But the two types of targets are not unrelated: the more contracts G4S loses, or fails to win, the less financially viable it becomes for investors who only care about maximising the returns on their investments.

* The list can be found at www.corporatewatch.org/?lid=338

** See www.corporatewatch.org/?lid=4459 for more details

 

 Animal Rights

The Channel 4 documentary “It’s a Dog’s Life” was shown on TV in 1997. The graphic images of animals being abused at Huntingdon Life Sciences sparked a national outcry and led the UK animal rights movement to turn its attention to the company.

At that time, Huntingdon Life Science PLC (HLS) was a FTSE 100 company, listed on the London Stock Exchange, and worth up to £0.5 billion.

It was one of the largest laboratories in the world, contracted by corporations to test products on animals. Its main base was at Alconbury in Huntingdonshire, with a smaller laboratory in New Jersey.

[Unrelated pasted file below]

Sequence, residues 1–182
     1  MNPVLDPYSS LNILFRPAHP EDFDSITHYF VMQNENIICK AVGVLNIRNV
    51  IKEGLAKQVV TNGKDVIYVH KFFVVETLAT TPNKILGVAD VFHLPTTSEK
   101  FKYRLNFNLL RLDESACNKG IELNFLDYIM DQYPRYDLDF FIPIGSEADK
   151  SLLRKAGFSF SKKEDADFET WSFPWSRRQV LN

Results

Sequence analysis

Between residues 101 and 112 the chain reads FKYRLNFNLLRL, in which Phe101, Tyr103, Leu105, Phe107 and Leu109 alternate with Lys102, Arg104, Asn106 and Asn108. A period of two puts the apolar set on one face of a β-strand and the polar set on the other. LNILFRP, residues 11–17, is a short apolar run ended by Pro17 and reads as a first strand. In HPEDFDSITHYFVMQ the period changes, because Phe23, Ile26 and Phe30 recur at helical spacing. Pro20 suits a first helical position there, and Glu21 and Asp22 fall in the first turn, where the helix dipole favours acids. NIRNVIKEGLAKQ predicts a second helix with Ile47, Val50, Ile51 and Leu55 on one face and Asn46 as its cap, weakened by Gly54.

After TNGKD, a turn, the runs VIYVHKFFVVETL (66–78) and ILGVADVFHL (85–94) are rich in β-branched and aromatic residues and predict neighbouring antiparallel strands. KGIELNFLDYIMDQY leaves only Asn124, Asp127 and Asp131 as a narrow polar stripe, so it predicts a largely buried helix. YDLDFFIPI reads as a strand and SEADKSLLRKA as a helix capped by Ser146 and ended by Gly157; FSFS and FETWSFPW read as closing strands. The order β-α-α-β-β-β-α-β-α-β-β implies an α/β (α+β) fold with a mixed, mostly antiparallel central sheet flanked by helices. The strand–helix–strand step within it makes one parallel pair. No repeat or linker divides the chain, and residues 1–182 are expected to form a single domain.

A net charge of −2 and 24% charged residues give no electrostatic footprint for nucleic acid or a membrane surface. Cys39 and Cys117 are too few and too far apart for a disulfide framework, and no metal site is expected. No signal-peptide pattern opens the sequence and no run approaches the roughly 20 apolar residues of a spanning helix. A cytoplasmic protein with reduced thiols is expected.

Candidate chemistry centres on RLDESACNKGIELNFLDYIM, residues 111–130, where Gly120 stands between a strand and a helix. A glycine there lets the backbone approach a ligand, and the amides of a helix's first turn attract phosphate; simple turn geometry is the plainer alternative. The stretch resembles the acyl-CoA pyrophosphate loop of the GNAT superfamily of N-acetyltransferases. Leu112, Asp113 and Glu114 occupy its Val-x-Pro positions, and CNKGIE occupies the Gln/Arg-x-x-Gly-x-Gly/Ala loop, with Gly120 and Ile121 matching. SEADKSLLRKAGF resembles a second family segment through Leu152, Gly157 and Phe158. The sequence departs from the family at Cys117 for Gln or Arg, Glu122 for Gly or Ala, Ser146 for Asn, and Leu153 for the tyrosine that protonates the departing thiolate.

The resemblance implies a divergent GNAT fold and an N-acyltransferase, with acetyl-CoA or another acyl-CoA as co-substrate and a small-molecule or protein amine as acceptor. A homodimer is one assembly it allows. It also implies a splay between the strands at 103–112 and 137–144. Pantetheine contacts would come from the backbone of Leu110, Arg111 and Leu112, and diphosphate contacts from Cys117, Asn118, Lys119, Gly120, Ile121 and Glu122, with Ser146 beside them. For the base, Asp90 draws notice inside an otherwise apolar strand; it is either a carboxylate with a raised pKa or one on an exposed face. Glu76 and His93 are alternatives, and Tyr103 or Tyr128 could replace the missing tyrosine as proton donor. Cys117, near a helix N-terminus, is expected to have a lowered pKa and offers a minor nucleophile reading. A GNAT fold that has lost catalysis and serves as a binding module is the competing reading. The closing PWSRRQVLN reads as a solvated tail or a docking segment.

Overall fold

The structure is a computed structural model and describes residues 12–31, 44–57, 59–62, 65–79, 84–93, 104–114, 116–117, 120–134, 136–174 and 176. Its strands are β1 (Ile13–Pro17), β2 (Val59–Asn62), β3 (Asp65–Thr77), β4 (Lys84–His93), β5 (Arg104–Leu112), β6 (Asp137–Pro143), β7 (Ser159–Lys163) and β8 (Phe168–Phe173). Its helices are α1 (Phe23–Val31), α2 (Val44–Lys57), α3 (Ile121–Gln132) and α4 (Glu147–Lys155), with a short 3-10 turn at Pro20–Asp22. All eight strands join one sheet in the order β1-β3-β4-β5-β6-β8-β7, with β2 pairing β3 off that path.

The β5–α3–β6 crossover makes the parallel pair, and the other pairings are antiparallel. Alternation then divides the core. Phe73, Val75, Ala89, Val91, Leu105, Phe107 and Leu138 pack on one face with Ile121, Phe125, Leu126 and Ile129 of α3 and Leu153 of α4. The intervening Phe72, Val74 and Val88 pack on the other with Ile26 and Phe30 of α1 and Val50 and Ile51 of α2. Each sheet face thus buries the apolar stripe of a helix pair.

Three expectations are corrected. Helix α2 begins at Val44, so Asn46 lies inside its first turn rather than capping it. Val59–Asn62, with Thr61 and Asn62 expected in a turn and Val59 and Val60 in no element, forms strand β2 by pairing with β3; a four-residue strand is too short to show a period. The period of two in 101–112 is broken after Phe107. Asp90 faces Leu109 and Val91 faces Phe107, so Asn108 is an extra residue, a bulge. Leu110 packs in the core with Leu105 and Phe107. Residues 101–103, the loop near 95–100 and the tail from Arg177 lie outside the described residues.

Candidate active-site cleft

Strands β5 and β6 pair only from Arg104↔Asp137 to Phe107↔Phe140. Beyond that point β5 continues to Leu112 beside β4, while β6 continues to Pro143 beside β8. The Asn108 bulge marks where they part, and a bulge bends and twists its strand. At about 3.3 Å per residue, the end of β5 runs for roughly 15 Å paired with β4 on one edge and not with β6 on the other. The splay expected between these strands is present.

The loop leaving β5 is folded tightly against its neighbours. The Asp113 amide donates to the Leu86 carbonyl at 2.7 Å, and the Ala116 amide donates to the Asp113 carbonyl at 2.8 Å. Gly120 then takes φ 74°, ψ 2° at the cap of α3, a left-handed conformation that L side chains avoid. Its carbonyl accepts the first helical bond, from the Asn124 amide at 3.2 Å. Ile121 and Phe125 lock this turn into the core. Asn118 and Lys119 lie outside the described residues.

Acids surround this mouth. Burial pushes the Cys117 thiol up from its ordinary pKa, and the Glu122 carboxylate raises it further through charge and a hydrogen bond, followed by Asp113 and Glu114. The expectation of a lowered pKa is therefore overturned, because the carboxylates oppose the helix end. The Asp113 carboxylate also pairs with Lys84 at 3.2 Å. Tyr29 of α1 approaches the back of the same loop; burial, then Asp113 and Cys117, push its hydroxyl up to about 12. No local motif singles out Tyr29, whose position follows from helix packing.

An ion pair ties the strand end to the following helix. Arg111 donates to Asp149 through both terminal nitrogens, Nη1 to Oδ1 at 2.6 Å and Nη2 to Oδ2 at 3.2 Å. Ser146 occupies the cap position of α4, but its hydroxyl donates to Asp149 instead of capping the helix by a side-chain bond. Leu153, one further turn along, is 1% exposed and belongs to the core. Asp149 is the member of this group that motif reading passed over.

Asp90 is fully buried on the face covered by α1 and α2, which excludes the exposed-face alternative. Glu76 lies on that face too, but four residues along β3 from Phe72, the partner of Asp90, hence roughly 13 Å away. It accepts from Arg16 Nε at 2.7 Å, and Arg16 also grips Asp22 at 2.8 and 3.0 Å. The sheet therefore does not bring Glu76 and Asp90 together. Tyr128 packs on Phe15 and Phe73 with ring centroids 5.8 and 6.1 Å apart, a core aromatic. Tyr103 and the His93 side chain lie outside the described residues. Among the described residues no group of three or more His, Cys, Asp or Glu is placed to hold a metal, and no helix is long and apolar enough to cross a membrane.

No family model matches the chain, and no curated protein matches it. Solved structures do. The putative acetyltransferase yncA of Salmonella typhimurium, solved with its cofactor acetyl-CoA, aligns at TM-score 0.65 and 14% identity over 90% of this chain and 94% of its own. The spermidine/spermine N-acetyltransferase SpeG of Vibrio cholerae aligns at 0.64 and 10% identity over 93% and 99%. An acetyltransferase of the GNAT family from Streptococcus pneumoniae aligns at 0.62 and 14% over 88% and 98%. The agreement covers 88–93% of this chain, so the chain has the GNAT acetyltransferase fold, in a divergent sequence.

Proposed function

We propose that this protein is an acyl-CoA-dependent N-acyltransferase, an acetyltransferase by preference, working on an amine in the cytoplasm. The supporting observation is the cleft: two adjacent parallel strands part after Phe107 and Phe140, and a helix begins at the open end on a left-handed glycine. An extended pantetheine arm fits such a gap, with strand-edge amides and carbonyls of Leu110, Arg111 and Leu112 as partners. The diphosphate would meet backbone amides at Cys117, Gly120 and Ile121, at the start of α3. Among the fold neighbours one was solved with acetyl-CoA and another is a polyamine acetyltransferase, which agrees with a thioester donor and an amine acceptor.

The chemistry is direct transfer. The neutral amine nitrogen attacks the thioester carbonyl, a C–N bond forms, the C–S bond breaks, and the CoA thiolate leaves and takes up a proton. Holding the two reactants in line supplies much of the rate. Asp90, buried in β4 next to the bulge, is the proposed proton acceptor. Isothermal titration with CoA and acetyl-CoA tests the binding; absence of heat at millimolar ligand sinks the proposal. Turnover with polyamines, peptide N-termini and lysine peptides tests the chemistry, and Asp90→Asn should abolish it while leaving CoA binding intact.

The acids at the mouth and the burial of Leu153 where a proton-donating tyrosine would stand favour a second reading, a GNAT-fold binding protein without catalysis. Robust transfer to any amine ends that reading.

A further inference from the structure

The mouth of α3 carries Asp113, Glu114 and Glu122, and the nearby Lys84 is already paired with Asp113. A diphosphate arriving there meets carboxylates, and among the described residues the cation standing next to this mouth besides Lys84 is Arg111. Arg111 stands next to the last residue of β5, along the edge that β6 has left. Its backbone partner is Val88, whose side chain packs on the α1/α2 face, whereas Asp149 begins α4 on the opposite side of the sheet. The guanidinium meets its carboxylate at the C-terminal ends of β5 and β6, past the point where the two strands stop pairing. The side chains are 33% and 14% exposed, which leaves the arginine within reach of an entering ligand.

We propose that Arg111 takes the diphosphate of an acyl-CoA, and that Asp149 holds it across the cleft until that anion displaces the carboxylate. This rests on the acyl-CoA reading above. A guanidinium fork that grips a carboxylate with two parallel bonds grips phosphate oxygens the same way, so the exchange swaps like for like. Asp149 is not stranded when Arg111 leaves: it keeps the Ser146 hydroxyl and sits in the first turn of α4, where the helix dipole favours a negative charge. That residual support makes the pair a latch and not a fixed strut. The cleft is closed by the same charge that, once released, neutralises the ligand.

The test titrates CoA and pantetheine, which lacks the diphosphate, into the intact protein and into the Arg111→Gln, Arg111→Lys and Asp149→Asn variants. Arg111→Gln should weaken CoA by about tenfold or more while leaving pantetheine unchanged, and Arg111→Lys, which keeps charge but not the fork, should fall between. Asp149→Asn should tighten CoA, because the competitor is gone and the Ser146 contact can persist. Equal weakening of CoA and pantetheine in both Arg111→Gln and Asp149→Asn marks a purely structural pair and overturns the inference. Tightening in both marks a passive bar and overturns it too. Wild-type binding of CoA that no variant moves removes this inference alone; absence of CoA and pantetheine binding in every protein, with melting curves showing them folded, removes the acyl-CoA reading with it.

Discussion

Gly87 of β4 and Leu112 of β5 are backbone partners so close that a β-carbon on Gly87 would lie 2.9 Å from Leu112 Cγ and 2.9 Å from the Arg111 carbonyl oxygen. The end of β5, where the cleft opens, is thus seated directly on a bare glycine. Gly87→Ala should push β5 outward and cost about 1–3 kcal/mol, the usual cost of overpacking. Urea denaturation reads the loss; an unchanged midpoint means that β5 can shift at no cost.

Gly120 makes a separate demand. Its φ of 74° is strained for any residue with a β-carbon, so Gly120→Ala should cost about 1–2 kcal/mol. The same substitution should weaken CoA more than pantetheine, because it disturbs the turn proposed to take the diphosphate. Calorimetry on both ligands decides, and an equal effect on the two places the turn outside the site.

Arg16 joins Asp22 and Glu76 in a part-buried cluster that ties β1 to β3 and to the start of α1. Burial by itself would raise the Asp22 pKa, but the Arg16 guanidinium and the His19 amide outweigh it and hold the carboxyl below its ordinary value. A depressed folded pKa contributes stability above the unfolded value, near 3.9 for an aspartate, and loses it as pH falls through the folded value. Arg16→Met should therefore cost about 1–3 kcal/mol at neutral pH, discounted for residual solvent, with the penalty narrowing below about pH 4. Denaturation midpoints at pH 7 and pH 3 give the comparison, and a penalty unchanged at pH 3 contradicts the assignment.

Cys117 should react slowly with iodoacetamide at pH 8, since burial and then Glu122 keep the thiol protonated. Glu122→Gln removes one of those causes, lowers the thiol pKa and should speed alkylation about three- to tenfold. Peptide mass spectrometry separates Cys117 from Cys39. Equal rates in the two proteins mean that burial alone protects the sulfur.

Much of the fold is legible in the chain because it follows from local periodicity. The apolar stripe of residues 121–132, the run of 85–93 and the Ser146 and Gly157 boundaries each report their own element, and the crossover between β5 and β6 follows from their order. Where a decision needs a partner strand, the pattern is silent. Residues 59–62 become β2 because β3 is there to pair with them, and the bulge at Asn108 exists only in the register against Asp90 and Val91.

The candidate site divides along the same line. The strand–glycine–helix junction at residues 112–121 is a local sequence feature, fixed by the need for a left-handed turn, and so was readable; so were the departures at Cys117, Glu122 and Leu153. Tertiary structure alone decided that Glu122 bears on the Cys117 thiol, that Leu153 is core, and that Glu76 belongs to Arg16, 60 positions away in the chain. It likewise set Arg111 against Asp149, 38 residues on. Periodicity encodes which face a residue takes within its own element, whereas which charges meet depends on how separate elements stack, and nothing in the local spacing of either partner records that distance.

Fresh from success in shutting down both Consort Kennels, a commercial breeder of beagles for animal testing laboratories, and Hill Grove Farm, the last commercial breeder of cats for laboratories in the UK, the animal rights movement was in a strong position, with plenty of momentum.

Up until then, though, campaigns had focused primarily on particular sites, such as university and corporate laboratories, and small businesses. Taking on HLS required an entire new set of tactics to be developed alongside the traditional protest ones. Various organisations were involved in the new campaign but the principal one was Stop Huntingdon Animal Cruelty (SHAC).

The initial campaign was quite effective. However, as a FTSE 100 company, HLS had access to a lot of financial resources that gave it considerable resilience.

This led campaigners to examine what went into making a FTSE 100 company such as HLS work; not just the animal experiment side, but everything else.

Campaigners soon realised that, in many cases, the ability to raise money was dependent on share prices, as debt could be converted into shares quite easily. If the share price went down, then the company’s ability to raise money would be curtailed. This realisation led to a multi-stage campaign.